Young Kenyans targeting a future in advocacy had their legal skills put on trial as part of a competition hosted by a leading Scottish university.
The country’s next generation of legal professionals took their first steps towards the courtroom as they competed in the University of Dundee’s Kenya Schools Mooting Competition. Youngsters from four Nairobi secondary schools took part in the inaugural event, which was held in the Kenyan capital’s Nairobi at the Kempinski Hotel. Organized in conjunction with SI-UK Kenya, an independent service that supports students applying to UK universities, various students turned up to represent their respective schools.
Universities presented teams of four pupils, of which two members were nominated to address the judges, Dundee’s Professor Peter McEleavy, a barrister of London’s famous Honourable Society of Gray’s Inn, and leading student mooter, Conor Keir.
A moot court competition simulates court proceedings, with a legal issue presented to two teams that must apply the law in arguing their respective cases. Though similar in some respects to debating, the simulated judicial system has been used for centuries as a tool for training legal professionals.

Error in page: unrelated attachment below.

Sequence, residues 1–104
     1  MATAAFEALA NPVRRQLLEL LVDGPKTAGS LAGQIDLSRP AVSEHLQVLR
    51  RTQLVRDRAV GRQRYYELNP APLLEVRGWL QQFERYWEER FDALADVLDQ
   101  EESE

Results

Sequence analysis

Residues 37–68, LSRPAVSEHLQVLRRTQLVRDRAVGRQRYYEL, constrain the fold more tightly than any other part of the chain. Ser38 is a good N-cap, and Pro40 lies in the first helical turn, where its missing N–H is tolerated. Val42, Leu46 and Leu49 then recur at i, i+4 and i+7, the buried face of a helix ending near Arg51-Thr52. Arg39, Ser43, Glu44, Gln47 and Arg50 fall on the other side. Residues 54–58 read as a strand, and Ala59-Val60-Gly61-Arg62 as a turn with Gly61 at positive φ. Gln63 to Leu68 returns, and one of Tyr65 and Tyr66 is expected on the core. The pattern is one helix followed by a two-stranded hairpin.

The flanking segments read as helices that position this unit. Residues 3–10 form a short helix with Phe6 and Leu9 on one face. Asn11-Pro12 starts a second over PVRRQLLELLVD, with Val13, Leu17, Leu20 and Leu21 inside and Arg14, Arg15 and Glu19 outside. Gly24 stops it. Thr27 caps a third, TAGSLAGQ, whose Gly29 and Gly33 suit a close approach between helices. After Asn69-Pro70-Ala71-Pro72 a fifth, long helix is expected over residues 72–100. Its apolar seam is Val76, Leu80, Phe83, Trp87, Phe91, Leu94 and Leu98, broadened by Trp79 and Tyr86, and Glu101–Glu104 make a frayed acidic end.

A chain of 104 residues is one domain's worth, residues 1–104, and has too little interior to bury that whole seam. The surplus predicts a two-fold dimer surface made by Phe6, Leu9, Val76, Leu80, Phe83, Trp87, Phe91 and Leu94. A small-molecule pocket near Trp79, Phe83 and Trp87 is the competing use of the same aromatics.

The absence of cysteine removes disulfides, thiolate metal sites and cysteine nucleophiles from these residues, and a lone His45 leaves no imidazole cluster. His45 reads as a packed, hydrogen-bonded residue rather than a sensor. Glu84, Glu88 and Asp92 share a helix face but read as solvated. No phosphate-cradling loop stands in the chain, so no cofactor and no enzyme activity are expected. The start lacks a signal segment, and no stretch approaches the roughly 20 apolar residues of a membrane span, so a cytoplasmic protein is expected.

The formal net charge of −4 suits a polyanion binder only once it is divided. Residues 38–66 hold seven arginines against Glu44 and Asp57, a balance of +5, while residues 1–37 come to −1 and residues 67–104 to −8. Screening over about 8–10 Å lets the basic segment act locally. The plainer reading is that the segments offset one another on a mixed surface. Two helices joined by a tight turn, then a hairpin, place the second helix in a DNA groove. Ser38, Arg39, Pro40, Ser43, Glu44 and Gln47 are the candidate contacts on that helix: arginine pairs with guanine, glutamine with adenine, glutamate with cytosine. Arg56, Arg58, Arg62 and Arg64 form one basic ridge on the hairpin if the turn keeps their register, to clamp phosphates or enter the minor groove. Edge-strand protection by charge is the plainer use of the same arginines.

The competition centered on a fictitious English court case whereby a car was damaged whilst being repaired in a garage. The teams were judged not only on their ability to argue on behalf of their respective parties but on their application of the law within the scenario.
In the final, pupils from St. Austin’s Academy prevailed over Oshwal Academy, with Jaffrey Academy defeating Aga Khan Academy in the third-place contest.
Professor McEleavy said, “The standard of mooting was exceptionally high. The students had achieved a very high degree of understanding of complex legal concepts and were able to deliver their submissions with great authority and poise. They were a credit to themselves, their teachers and their schools. “This inaugural event has been a tremendous success and we are already looking forward to expanding the competition when we return next year.”